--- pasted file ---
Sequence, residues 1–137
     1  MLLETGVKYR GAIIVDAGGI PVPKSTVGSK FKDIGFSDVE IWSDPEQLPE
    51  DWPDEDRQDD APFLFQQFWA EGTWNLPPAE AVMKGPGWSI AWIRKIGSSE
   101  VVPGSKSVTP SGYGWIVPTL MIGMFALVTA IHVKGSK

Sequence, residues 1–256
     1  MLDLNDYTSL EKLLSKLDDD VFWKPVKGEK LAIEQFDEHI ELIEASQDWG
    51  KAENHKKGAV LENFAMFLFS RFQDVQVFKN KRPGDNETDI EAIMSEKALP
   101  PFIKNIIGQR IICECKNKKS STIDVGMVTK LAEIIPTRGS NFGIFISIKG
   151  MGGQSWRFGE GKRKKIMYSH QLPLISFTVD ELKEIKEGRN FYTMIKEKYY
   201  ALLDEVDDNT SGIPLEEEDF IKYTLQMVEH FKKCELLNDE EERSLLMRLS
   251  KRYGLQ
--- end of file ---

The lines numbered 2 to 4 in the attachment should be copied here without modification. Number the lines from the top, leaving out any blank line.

     1  MLLETGVKYR GAIIVDAGGI PVPKSTVGSK FKDIGFSDVE IWSDPEQLPE
    51  DWPDEDRQDD APFLFQQFWA EGTWNLPPAE AVMKGPGWSI AWIRKIGSSE
   101  VVPGSKSVTP SGYGWIVPTL MIGMFALVTA IHVKGSK